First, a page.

Child Protective Services Essay
Child Protective Services
Ice users in the state of Hawaii, estimated to have reached 30,000 in 2003, were spending as much as $1. 8 billion every year to maintain their addiction in what has been referred to by U. S Attorney Ed Kubo as the “highest usage of ice in the country. ” (Sinq, 2003) Ice refers to methamphetamine, a strong, extremely addictive stimulant which could be introduced to the body by smoking, sniffing, oral ingestion, or injection and affects the nervous system. (Drug-Rehabs. org, n. d. )
The substance was believed to have been discovered in Japan sometime in 1919 and was actually used as a nasal decongestant in 1932. It was manufactured legally as non-medical tablets in the United States, taking the form of “dextroamphetamine (Dexedrine) and methamphetamine (Methedrine). ” It rapidly became a favorite among athletes, university students, and even long distance truck drivers – people who need to stay alert for long periods of time. An injectable form was developed during the 1960s but was subjected to severe restriction under the Controlled Substance Act of 1970.
(Drug-Rehabs. org. n. d. ) Today, Prosecutor Peter Carlisle of Honolulu said that adult people in Hawaii have been turning to ice instead of alcohol – in fact the highest number of adult ice-users (by state) in the entire country is found in the state of Hawaii. In Honolulu, it was estimated that about 38% of all those arrested for various offenses have been found positive for methamphetamine. Moreover, while the average rate of sentenced methamphetamine traffickers for the entire country in 2001 was placed at 14%, the rate for Hawaii had been 51%.
(A Message from Honolulu Prosecutor Peter Carlisle, 2007) This only means one thing: ice trafficking in Hawaii has grown to be a very flourishing industry, which, to some people, indicates that ice abuse has already reached epidemic proportions in the state. As a matter of fact, recorded deaths attributed to methamphetamine use have also been steadily on the rise since 2000 when 34 persons were believed to have died from using the substance. In 2001, the number rose to 54 then climbed to 62 in 2002 before decreasing slightly to 56 deaths during the year 2003.
In 2004, ice-related deaths rose again to 68 and as of the middle of May 2005, there were already 38 ice-related deaths in the state of Hawaii. According to Dr. Kanthi De Alwis, Chief Medical Examiner of Honolulu, majority of deaths from ice were due to the substance’s effect on the human brain and heart. He said that ice weakens and enlarges the heart, and blocks the coronary arteries. In some of the cases, Alwis said, blood enters the brain, killing the ice user almost instantly. (Drug-Rehabs. org, 2005)
User death did not prove to be the only adverse effect of the ice epidemic on Hawaiian society. A much more damaging consequence had been its effect on children. In fact it was observed that although abuse of alcohol and illegal drugs also resulted to fractured families, ice addiction had proven to be more powerful and destructive, consuming “parents’ lives so quickly that experts placed it in a class of its own. ” (Dayton, 2003b) As of 2003, almost 85% of the 7,000 children who were under foster care were children of ice users.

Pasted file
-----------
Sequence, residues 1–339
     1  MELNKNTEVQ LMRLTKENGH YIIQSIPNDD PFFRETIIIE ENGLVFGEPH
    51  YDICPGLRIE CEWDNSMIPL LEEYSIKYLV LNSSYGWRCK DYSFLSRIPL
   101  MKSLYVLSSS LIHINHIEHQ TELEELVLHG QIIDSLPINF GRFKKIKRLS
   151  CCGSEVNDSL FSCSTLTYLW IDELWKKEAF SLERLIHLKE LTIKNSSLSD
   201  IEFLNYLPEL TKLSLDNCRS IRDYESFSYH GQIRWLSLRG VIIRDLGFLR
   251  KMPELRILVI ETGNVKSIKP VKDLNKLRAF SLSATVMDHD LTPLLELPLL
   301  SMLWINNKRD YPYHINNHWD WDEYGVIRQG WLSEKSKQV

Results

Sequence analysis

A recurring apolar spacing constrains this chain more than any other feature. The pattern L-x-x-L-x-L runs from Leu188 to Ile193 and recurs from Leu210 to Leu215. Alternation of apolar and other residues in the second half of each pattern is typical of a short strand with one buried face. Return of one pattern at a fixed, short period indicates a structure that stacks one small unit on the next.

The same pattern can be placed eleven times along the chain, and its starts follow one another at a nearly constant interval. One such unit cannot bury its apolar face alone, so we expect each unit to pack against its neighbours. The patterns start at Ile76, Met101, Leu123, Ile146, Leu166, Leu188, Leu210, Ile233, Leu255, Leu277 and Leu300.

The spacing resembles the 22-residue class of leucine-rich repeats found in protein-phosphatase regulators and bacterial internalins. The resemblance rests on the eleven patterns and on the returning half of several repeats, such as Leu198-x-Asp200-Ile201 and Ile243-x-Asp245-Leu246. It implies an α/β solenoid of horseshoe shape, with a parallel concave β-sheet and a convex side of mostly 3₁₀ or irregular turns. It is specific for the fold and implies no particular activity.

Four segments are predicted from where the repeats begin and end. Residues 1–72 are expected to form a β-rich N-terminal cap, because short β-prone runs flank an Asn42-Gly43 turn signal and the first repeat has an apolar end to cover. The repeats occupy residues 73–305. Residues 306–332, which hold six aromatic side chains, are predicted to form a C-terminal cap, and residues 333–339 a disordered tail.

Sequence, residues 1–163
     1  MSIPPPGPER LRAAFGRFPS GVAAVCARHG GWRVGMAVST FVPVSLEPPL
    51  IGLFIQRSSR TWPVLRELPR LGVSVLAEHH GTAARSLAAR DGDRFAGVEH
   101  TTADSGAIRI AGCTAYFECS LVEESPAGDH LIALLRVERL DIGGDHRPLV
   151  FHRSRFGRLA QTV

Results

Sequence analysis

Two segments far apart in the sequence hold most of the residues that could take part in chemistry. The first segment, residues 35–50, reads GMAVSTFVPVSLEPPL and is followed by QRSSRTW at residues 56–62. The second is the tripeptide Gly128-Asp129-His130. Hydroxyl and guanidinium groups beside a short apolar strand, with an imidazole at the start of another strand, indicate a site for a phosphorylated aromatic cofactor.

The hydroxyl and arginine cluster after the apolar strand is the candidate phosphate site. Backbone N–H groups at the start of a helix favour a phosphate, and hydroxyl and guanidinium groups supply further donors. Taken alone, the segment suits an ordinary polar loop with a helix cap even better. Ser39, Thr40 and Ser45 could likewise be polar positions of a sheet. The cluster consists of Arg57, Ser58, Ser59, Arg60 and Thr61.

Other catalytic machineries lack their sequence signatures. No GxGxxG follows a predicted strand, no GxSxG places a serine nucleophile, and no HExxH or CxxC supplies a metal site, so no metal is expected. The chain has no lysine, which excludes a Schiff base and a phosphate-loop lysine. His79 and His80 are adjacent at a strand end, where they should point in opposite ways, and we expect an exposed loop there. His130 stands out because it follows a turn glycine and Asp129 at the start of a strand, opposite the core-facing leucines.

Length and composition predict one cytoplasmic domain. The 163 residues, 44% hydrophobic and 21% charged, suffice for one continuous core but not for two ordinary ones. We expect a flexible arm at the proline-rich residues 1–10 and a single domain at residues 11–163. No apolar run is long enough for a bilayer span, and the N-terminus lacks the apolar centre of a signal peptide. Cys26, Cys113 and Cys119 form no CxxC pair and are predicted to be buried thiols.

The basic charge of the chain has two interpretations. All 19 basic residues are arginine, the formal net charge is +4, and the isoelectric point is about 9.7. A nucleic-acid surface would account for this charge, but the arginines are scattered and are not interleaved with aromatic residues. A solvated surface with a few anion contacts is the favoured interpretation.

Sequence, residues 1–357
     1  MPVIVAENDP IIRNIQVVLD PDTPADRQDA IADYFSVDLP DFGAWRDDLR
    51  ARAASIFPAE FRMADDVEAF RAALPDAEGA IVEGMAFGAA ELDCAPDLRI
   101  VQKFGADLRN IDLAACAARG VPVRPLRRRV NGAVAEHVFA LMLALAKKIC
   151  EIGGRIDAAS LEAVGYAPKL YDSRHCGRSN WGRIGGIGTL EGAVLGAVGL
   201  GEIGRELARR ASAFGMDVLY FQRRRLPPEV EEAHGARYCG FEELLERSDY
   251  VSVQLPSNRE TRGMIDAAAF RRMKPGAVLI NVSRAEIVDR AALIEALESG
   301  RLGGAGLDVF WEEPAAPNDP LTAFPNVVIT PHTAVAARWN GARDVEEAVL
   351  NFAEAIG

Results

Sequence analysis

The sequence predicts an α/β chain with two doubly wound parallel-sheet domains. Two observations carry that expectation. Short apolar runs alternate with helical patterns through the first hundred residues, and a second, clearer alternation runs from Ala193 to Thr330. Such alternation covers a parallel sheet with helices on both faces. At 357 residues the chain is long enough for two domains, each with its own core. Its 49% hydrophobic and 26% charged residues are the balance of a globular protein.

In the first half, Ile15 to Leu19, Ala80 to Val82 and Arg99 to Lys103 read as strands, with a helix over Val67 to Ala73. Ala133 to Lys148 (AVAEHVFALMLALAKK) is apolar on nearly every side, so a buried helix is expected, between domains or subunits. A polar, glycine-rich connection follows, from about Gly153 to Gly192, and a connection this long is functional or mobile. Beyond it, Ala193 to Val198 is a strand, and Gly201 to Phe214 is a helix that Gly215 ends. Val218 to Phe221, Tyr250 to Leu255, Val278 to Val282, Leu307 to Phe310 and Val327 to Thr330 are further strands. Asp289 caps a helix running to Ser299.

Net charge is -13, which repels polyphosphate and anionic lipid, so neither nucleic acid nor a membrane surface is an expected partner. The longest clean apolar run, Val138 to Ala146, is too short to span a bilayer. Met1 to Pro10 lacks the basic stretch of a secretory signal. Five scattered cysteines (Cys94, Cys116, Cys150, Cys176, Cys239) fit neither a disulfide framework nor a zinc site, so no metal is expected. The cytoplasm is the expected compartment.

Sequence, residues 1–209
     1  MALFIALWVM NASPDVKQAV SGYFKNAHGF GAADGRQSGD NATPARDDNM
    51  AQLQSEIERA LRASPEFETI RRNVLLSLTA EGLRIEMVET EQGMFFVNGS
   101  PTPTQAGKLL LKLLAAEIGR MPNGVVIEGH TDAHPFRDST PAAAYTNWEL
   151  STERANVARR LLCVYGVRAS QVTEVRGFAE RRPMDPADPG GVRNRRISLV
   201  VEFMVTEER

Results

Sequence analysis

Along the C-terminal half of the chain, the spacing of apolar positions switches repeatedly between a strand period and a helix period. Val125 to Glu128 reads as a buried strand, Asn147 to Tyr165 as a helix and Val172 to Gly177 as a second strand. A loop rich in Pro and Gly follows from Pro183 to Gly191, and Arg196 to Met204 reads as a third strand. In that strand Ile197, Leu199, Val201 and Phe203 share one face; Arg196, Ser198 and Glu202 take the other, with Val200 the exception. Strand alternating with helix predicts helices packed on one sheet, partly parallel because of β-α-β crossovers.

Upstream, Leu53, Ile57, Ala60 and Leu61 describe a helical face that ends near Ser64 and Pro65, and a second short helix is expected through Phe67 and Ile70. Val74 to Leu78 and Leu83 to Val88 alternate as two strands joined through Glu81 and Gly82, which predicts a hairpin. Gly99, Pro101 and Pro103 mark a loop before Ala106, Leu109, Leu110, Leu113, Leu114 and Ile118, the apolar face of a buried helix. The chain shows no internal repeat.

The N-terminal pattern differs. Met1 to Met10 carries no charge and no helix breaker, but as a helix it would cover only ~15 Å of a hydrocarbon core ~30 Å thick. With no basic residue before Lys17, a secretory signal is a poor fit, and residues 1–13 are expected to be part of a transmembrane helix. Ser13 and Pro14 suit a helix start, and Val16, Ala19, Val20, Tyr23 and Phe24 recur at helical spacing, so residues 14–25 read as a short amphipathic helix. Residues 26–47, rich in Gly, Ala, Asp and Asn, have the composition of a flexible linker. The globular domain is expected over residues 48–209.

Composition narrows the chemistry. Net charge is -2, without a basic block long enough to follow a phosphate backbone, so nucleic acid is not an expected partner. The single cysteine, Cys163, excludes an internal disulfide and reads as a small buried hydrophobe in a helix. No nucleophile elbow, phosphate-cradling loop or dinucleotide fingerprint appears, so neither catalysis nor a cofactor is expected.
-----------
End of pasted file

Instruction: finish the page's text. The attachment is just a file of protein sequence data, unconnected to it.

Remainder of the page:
Most of these children were traumatized. They also showed signs of being “angry” and were often destructive in their ways, aside from the fact that most of them lagged in their school work. Many of them have expressed their belief that their parents abandoned them either because something was very wrong with them, or their parents simply stopped loving them. If left unattended, experts feared that these children might end up as substance abusers themselves.
At the very least, they are expected to suffer from the long-term effects of living with constant violence and chaos in the family. This is what some health professionals are trying to prevent, according to Jack Maynor who works as a child counselor in a spouse-abuse shelter. (Dayton, 2003a) In many cases, children were separated from their parents because of the parents’ addiction to ice. Families where either or both parents are ice addicts are characterized by violence, child abandonment, or both.
Peggy Hilton of the East Hawai’i Child Welfare Services said that there are people who become totally addicted to methamphetamine in only a matter of a couple of weeks. She explained that ice is characterized by “extreme levels of domestic violence [and that] after a binge, ice users ‘crash’ and can sleep for days, leaving the children in the house to fend for themselves. ” According to officials of the Child Protective Services, they are separating up to forty children from their parents every month due to ice addiction in the Big Island alone. (Dayton, 2003b)
The effect of parents’ addiction to ice among Hawaiian children has been very extensive. Professionals working with children of methamphetamine abusers often talk about the depressing experiences of these children. James Jolliff, a clinical psychologist from Waimea, recalled working with a girl who found her ice addict father hanging from a tree in their backyard in an attempt to kill himself. He said that while her father was rescued from that suicide attempt, the girl was traumatized and would remain to be so for a long time to come. (Dayton, 2003a)